On January 3, 2008, the Center for History and New Media and the History Education Group at Stanford University were awarded the American Historical Association’s James Harvey Robinson Prize for Historical Thinking Matters <historicalthinkingmatters.org>. The biennial prize is awarded for the teaching aid that had made the most outstanding contribution to the teaching and learning of history in any field for public or educational purposes. Historical Thinking Matters is designed to teach students how to “think historically” by critically reading primary sources and participating in authentic inquiries about key topics in U.S. history. Sharon Leon, Director of Public Projects at CHNM, was joined by Sam Wineburg and Daisy Martin from the History Education Group to accept the award from AHA President Gabrielle M. Spiegel at the General Meeting in New York City. This is third CHNM project to receive the Robinson Prize.
MATC awards recognize not-for-profit organizations that are making substantial contributions of their own resources toward the development of open source software and the fostering of collaborative communities to sustain open source development.
Omeka is a free and open source web publishing platform for scholars, librarians, archivists, museum professionals, educators and cultural enthusiasts. Its “five-minute setup” makes launching an online exhibition as easy as launching a blog. Omeka is designed with non-IT specialists in mind, allowing users to focus on content and interpretation rather than programming. It brings Web 2.0 technologies and approaches to academic and cultural web sites to foster user interaction and participation. It makes top-shelf design easy with a simple and flexible templating system. Its robust open-source developer and user communities underwrite Omeka’s stability and sustainability.
“Until now, scholars and cultural heritage professionals looking to publish collections-based research and online exhibitions required either extensive technical skills or considerable funding for outside vendors,” said Tom Scheinfeldt, project co-lead and managing director (more…)
The Center for History and New Media at George Mason University, together with the University of Missouri–Kansas City, is pleased to announce the launch of a new website focusing on notions of childhood and the experiences of children and youth throughout history and around the world.
The site, Children and Youth in History (http://chnm.gmu.edu/cyh), offers history instructors and students access to hundreds of primary sources and a variety of resources for teachers at both the high school and college level.
As with all CHNM projects, the resources contained in Children and Youth in History are and will remain free and open access.
Funding for Children and Youth in History was made possible by a generous grant from the National Endowment for the Humanities.
Partnership with Emory University Libraries Further Solidifies Zotero’s Role as a Platform for Digital Research and Innovation
The Center for History and New Media (CHNM) at George Mason University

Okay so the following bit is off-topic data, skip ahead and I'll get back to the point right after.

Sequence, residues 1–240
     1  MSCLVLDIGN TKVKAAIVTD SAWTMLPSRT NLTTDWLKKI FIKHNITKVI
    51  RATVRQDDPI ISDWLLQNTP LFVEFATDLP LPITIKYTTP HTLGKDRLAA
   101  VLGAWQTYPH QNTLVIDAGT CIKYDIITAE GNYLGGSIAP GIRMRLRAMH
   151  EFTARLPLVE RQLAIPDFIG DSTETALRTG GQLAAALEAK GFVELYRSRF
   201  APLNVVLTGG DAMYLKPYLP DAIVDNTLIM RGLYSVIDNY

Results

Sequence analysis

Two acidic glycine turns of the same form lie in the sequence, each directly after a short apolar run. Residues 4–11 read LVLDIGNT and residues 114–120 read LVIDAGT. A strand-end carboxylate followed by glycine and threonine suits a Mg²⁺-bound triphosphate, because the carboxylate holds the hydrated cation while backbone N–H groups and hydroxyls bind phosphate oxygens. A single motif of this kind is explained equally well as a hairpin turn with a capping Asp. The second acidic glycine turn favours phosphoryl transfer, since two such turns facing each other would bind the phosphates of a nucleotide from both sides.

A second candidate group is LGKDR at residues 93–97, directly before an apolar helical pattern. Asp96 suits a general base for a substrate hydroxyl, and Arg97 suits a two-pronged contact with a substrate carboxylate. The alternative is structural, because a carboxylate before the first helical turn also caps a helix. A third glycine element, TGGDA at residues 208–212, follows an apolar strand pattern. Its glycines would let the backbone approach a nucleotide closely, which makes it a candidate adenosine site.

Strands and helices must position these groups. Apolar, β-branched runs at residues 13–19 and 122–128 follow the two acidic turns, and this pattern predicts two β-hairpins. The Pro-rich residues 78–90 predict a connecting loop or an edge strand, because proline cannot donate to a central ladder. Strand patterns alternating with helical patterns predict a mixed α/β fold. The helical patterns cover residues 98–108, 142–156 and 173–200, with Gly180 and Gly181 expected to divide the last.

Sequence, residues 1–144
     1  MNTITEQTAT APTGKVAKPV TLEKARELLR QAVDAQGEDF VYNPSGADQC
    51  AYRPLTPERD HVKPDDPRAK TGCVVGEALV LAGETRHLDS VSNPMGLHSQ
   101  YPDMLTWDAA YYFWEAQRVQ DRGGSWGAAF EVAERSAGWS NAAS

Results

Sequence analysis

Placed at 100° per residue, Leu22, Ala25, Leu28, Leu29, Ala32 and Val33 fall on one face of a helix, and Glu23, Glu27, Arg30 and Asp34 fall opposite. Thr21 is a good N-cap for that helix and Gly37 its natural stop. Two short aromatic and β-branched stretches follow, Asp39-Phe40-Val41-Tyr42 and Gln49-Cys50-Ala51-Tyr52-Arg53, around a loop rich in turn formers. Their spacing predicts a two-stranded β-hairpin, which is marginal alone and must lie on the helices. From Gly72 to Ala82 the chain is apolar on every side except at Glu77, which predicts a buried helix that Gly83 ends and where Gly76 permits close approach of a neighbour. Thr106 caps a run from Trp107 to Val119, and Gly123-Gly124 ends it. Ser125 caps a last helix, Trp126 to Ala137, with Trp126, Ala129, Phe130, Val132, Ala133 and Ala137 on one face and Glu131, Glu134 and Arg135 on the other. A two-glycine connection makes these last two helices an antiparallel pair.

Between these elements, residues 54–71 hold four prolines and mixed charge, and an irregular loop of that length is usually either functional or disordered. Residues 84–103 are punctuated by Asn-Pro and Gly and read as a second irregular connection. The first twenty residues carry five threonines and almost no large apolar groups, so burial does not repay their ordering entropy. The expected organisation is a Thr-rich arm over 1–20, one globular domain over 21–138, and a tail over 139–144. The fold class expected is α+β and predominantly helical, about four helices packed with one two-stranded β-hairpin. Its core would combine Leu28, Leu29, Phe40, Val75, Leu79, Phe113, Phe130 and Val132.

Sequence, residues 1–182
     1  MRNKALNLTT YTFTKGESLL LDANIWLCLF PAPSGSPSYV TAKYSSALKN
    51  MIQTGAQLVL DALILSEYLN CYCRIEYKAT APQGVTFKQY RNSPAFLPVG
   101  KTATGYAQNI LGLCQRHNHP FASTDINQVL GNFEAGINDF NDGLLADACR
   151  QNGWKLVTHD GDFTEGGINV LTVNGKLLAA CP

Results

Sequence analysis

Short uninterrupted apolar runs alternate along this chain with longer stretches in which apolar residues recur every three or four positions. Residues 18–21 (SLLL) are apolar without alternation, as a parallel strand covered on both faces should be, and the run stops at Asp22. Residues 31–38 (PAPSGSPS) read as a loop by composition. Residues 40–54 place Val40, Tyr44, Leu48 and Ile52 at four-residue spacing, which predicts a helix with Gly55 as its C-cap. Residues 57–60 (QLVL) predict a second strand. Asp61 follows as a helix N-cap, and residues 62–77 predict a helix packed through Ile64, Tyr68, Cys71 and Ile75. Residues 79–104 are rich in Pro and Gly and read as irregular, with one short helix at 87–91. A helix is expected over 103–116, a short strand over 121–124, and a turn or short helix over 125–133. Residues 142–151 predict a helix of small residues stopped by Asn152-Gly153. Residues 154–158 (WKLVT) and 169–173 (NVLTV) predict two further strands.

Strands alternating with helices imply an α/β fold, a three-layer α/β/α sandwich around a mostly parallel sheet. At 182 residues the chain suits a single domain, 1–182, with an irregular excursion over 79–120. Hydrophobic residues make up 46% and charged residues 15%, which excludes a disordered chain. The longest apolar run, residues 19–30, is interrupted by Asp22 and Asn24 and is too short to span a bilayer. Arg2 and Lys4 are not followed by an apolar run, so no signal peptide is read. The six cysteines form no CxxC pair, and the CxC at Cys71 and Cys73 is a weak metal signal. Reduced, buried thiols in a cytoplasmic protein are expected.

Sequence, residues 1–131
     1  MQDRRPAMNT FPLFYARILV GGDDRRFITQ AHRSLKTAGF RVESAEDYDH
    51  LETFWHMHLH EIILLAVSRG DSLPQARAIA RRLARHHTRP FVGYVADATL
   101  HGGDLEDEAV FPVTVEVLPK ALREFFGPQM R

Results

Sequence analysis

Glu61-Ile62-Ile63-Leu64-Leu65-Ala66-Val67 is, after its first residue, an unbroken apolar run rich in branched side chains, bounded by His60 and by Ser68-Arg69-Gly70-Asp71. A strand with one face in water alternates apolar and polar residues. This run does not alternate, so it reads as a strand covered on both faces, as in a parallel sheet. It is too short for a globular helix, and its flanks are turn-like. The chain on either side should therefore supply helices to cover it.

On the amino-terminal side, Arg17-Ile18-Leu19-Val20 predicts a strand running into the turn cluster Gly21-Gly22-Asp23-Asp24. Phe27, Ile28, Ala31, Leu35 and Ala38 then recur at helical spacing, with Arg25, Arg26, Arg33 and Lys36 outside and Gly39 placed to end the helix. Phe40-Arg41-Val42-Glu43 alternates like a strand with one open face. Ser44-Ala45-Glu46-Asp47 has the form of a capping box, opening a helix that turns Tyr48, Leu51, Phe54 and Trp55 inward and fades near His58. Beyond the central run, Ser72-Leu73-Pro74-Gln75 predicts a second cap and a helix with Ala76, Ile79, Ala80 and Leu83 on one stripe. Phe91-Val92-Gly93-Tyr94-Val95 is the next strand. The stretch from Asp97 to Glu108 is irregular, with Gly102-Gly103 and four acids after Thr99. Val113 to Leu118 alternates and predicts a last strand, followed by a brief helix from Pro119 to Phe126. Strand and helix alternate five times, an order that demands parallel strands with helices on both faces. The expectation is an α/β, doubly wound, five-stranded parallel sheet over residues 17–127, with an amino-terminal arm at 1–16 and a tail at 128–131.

and the Emory University Libraries are pleased to announce a
cooperative partnership on Zotero (www.zotero.org), the free,
open-source bibliographic manager. A team of librarians, information
technologists and faculty members led by Connie Moon Sehat, Emory
Libraries’ new director of digital scholarship initiatives, will
extend research capabilities of the software in collaboration with
Zotero’s main development team. Sehat is a former co-director of
Zotero and CHNM.
For Dan Cohen, who is associate professor of history at George Mason
University and director of CHNM, a relationship with Emory exemplifies
the powerful opportunities for institutional cooperation offered by
digital media. “The Center for History and New Media and the Zotero
Project are lucky to now have the resources and experience of Emory on
their side,” says Cohen, “and the continued insight and direction of
Connie Sehat. We look forward to what will undoubtedly be a
tremendously productive collaboration.” Cohen oversees Zotero with
Sean Takats, assistant professor of history at George Mason and CHNM’s
acting director of research projects.
This relationship marks a significant step forward for the future of
the Zotero project. “Partnering on the development of open source
software with CHNM, an established center of excellence (more…)
The Center for History and New Media, in partnership with the Minnesota Historical Society, is pleased to announce a major new release of its Omeka web publishing platform, version 0.10b. From the Swahili word meaning “to display” or “to lay out for discussion,” Omeka is a next generation web publishing platform for collections-based research of all kinds, one that bridges the scholarly, library, and museum worlds through a set of commonly recognized standards. In doing so Omeka puts serious web publishing within reach of all scholars and cultural heritage professionals. Omeka is free and open-source, easy to use, standards based, and extensible. It is designed with non-IT specialists in mind, allowing users to focus on content and interpretation rather than programming. Its unqualified Dublin Core metadata structure and adherence to web standards allows anyone to design fully accessible online exhibitions efficiently. Omeka’s modular architecture and rich API empower people with a range of programming skills to participate in its open source community and expand its capabilities by adding specialized metadata element sets and plugins. Plugins bring Web 2.0 technologies and approaches to academic and cultural websites that foster user participation.